Shostakovich Concerto for Piano and Trumpet

Hello all,

Our music for this week is the Concerto in C Minor for Piano and Trumpet by Dmitri Shostakovich.

If you’ve been with us for a while, you’re probably scratching your head at this one. Shostakovich? Trumpet with piano? When I discovered this piece a few weeks ago, I was shocked as well. It is a very unconventional combination of instruments by a modern composer who we don’t tend to think of as a trumpet fan. As it turns out, though, this piece is a lot of fun!

Shostakovich wrote this concerto in 1933 (at only 27 years of age!) as an experiment in mixing baroque and modern musical elements. The concerto has four movements, with the energetic outer movements encapsulating a meditative waltz. The trumpet features most prominently in the waltz, so listen for it around the 12-minute mark.

The concerto is full of quotations from both the popular music of the time and previous great composers. For instance, you’ll hear the Broadway tune “California, Here I Come” in the fourth movement. You can also hear melodic echoes of Beethoven’s famous Appassionata Sonata in the first movement. Making such musical quotations was very risky for Shostakovich, who was walking a precarious tightrope between creating honest musical expressions and pleasing the Soviet officials who policed his music.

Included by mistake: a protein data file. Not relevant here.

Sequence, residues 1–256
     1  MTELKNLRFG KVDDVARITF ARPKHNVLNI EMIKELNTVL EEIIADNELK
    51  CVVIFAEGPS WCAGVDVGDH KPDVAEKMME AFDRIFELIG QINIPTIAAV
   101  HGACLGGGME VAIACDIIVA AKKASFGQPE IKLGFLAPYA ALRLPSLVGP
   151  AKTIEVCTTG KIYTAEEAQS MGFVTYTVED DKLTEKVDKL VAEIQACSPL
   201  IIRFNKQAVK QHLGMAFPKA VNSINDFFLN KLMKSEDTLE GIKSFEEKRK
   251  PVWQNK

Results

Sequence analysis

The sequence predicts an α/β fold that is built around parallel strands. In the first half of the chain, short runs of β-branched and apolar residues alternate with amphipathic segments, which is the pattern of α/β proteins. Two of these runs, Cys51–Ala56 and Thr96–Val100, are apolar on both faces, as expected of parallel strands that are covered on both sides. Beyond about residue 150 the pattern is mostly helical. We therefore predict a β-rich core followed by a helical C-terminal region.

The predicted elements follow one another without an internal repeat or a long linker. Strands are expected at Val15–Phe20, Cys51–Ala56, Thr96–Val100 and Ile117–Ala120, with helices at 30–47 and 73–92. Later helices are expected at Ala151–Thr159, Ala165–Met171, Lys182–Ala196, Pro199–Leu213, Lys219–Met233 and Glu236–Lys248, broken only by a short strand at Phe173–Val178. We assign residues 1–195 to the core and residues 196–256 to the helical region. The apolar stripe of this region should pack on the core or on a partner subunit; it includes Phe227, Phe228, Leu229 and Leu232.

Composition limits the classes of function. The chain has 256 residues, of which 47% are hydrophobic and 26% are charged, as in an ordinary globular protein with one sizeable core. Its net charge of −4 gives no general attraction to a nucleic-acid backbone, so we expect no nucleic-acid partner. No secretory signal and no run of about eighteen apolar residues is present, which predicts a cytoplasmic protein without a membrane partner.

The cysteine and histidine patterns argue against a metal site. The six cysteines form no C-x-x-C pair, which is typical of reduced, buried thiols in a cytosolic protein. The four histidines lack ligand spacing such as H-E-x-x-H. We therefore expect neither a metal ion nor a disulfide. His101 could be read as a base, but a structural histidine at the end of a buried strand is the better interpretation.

Enjoy!

T

Free, but Happy

Hello all,

Our music for today is the third movement of Johannes Brahms’ Symphony #3, performed by the Orchestra of the Liszt Conservatory.

“Free, but happy.” These are the words in which Brahms characterized his mood in 1883. At the time, he was a fifty-year-old bachelor who had taken a five-year sabbatical from writing symphonies. In his native German, “free, but happy” is written Frei aber froh, and Brahms decided to use F-A-F (the first letters of each of these three words) as the foundational harmonic line for his third symphony.

This third movement is so beautiful because it captures the mixture of loneliness and freedom that Brahms was experiencing at this time. It is simultaneously mournful and joyous; restrained and unleashed; reflective and expository. Unlike most symphonic melodies, the primary theme of the movement begins from the very start of the movement. The cellos carry this line toward the violins, which help it soar to the winds and onward. I think of this movement as the definition of Romantic-era lyricism.

Enjoy!

T